administration of Abdurrahman “Gus Dur” Wahid.

He recommended that a new political consensus
should be reached on the handling of rights abuses
or crimes against humanity that took place in the
past 10 years.

Sutradara Gintings from the PDI-P faction said the
rights tribunal in Aceh could not hear cases of
rights abuses allegedly committed by members of
the Indonesian Military (TNI).

He demanded TNI personnel should be entitled to
the same exemption from prosecution provided to
Free Aceh Movement (GAM) members following the
signing of the Helsinki peace accord last August
that ended almost 30 years of strife.

"Equality must prevail for both sides. If GAM
members could walk free from their crimes because
of the mass amnesty, why shouldn’t TNI members be
given a break from the human rights tribunal?"
Sutradara also said the rights tribunal should be
limited to six months in duration.

The PDI-P faction has from the outset expressed
reservations about the bill’s contents, claiming
it panders to the demands of the former rebels.
The bill only mandates the establishment of a
rights tribunal and truth and reconciliation
commission. It also has been debated if the
court’s structure would follow that of ones
established in Jakarta, Makassar, Medan and
Surabaya.

Although deliberation of the bill is nearing
completion, with 90 percent of its content
discussed by a special committee, more time will
be needed to perfect the legal draft.

Communications and Information Minister Sofyan A.
Djalil, the government’s representative at the
deliberations, said the rights tribunal in Aceh
would be an effective deterrent.

"It will serve more as a human rights watchdog in
Aceh," Sofyan said.


Commission accuses media of objectifying women in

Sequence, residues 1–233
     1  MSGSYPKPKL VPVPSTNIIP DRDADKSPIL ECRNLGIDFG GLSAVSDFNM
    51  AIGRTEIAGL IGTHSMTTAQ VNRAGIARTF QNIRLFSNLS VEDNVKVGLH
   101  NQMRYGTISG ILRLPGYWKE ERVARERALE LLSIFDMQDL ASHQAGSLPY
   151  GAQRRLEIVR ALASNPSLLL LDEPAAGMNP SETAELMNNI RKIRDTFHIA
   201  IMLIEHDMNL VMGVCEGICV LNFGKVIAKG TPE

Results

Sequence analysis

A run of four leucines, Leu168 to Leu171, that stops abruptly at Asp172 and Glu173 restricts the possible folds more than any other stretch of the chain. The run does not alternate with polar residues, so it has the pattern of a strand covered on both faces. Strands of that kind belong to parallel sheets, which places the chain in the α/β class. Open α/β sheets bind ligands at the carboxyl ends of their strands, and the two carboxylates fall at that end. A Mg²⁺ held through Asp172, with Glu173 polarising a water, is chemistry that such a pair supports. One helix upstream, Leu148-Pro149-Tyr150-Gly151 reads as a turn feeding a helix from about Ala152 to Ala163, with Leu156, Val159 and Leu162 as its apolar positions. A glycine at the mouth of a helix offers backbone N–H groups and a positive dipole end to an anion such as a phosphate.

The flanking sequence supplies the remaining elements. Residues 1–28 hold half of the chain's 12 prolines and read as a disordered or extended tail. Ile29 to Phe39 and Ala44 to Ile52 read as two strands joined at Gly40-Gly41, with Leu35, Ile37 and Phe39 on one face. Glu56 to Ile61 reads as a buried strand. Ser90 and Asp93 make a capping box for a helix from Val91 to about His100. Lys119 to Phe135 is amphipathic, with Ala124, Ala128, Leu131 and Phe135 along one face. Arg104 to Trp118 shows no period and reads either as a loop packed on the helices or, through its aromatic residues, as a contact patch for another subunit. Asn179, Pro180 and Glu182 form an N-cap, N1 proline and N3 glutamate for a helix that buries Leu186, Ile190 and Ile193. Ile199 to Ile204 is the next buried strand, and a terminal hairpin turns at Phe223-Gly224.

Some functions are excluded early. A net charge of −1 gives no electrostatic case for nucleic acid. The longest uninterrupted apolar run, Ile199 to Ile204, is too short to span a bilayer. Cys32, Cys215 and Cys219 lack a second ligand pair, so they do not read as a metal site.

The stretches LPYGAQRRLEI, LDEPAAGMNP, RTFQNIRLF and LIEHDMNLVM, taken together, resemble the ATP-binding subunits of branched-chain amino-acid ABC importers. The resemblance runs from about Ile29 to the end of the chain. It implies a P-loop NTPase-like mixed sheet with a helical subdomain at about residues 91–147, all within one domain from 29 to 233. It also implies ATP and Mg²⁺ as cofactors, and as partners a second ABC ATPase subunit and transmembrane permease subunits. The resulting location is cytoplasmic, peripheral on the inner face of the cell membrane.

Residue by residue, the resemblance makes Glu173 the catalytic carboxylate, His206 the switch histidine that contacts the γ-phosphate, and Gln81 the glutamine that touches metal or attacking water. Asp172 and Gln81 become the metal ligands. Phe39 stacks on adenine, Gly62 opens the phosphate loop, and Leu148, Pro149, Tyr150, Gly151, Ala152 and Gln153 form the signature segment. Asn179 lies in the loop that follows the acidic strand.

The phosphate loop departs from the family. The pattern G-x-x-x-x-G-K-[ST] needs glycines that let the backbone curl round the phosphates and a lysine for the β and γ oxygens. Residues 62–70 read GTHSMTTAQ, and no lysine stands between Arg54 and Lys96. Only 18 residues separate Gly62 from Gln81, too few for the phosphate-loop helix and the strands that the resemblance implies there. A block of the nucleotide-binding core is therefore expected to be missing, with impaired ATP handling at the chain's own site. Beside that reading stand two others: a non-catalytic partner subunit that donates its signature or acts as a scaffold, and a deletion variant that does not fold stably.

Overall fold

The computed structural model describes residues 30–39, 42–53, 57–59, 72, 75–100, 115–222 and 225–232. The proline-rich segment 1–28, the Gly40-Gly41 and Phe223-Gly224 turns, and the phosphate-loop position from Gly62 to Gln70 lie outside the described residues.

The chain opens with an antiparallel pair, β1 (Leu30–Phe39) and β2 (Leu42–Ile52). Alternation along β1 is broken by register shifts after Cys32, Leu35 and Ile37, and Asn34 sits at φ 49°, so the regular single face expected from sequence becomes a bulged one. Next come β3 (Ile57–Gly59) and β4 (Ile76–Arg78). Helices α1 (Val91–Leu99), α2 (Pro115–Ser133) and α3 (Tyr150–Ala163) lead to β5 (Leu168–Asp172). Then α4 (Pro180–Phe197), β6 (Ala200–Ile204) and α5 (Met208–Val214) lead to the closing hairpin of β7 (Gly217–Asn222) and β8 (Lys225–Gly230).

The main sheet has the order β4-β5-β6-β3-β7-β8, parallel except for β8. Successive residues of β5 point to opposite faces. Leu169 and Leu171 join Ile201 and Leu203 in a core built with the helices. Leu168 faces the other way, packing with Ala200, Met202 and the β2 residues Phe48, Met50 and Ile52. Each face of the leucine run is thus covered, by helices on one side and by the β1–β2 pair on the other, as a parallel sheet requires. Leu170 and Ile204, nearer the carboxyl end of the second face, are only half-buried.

Aceh

Jakarta Post - May 17, 2006

Jakarta — Research by the Aceh Working group of
the National Commission on Violence Against Women
shows women are still objectified by the print
media.

The group studied two nationally distributed daily
newspapers, Kompas and The Jakarta Post, to see
how they covered female Aceh refugees after the
tsunami, including during the reconstruction and
rehabilitation process, the disbursement of
humanitarian aid, the peace building process
between the Indonesian government and the Free
Aceh Movement, as well as the implementation of
sharia law in Aceh.

The research was conducted to determine whether
women were being treated as subjects, meaning they
were interviewed directly and allowed to make
their own statement, or as objects, meaning that
their situation was reported, but they had no
direct voice in the coverage.

The group chose the topic because the situation in
Aceh was sensitive and needed special attention.
The women in Aceh were under a great deal of
pressure, living in a disaster zone with limited
facilities in the shelters provided.

The two newspapers were selected because The
Jakarta Post readers were among those working for
International Non-Governmental Organizations in
Aceh, while Kompas was selected because of its